I finally decided it was time for a change. Hearts were broken (his), fingers were pointed (at me) and even the dog would get upset when we would have an emotional discussion (he hadn’t died yet). We took space for a while to let things settle before deciding on couple’s therapy. I was hopeful. I went to see Crazy A (our therapist’s nickname due to her crazy but completely wonderful, free-spirited personality) and had a goal from the get-go. I wanted to love my husband. Correction, I wanted to be IN LOVE with my wonderful, kind and amazing husband. Weeks and weeks went by; things seemed to improve and I would think, YES!! Then, NO!! Then, maybe?? Am I happy? Possibly. I hope so!

marathon run
Halen in May 2011 after she ran the Key Bank Vermont City Marathon and succeeded in qualifying for the Boston Marathon

Then things fell apart. All the hard work, talking, exercises … I felt no different. How silly! Crazy A may have been crazy, she may have been a genius, but she wasn’t capable of magic. No therapist can make you, teach you, or convince you to love someone if you just don’t. Once we both realized this and I moved out, I felt that weight gently lift. Slowly but surely, peeking out into the light and blinking from the brightness, was happiness. It showed itself just a little at first and eventually more and more. We became friends. We hung out, me and happiness, BFFs. It’s been a long journey, but happiness comes to stay with me for about two weeks at a time. It disappears every once in a while for a day or so, but always returns. Actually, once a month for about three days, happiness gets bound and gagged and thrown in the basement, but thankfully it doesn’t hold a grudge.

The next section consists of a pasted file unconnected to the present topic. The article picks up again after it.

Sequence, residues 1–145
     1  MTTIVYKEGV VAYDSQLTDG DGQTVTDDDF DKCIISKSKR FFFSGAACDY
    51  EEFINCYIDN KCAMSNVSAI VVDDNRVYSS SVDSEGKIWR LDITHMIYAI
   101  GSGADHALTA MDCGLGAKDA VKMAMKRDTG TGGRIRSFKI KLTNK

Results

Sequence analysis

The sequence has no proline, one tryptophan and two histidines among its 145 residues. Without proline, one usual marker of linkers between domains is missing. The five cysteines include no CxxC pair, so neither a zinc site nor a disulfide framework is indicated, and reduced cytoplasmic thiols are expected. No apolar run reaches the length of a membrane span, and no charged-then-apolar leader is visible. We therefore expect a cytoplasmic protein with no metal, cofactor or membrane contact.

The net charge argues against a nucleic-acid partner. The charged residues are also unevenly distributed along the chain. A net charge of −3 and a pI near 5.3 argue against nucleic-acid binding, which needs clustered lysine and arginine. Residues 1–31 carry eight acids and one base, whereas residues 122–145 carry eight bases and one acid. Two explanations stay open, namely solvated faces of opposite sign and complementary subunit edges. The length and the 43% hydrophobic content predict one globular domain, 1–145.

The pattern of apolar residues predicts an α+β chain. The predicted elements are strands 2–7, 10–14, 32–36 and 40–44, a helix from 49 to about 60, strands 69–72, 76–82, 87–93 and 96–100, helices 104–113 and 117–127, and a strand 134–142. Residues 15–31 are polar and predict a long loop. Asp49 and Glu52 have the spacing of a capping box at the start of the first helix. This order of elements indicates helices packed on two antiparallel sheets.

child playing in leaves, fall folliage
Halen's oldest daughter

How do I know it is happiness I’m feeling? Well, I don’t do drugs, so it’s not that. Things look different through happiness. The sun seems brighter; I notice and smile at little things, like the mom and her toddler in the coffee shop, or a duck sliding around on the frozen pond. Things like hearing a donkey hee-haw in real life or smelling my children’s hair make me feel warm and sunny inside. Getting out of bed and not dreading the day, having the “today just feels like a good day,” feeling seems like happiness.

Halens youngest daughter

Watching my children and really seeing them for the first time, their beauty, their innocence, their distinct personalities and the amazing way they change a little bit every day. I need to touch them constantly. These are all things that went unnoticed or unrecognized before.

Before, I survived, now, I LIVE. I dream big and go for it. I found that rebellious spirit I once had that when told “you can’t do that,” responds with, “watch me.” I am more present in my relationships with people. I care about their lives and do what I can to help. I am finally the friend I’ve always wanted to be, less judgmental and more accepting. I dove into running and a triathlon with new energy. I went back to school to pursue a different degree that would allow my constantly running, creative, full-of-big-ideas machine to get some use.

I still have flaws. I still get sad. I still miss people I don’t see anymore (and of course, the dog). I still have healing to do. If I compare where I am now with where I was two years ago, I think I now know what happiness is and I think it’s here to stay.

How has your journey taught you what true happiness feels like?

Copyright 2012. Simply Solo blog by Catherine Gryp. All Rights Reserved.